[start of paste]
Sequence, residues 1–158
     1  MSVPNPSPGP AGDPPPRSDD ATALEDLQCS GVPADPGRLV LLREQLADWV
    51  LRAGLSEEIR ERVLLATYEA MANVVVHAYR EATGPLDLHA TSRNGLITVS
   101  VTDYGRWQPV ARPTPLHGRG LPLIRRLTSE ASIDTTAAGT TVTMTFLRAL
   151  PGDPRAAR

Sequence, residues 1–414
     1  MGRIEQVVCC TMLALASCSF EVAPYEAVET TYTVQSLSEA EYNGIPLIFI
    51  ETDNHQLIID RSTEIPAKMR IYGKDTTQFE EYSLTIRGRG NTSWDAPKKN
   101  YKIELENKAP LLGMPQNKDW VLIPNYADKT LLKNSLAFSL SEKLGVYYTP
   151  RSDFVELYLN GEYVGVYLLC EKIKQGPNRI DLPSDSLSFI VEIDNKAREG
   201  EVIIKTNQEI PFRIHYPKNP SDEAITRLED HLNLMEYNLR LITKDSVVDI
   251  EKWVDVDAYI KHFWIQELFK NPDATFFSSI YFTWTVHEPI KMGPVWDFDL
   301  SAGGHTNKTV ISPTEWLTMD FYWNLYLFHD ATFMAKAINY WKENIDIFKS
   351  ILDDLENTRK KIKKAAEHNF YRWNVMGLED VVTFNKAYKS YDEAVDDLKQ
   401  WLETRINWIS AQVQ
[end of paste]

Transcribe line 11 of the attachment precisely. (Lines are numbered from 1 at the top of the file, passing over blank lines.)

   201  EVIIKTNQEI PFRIHYPKNP SDEAITRLED HLNLMEYNLR LITKDSVVDI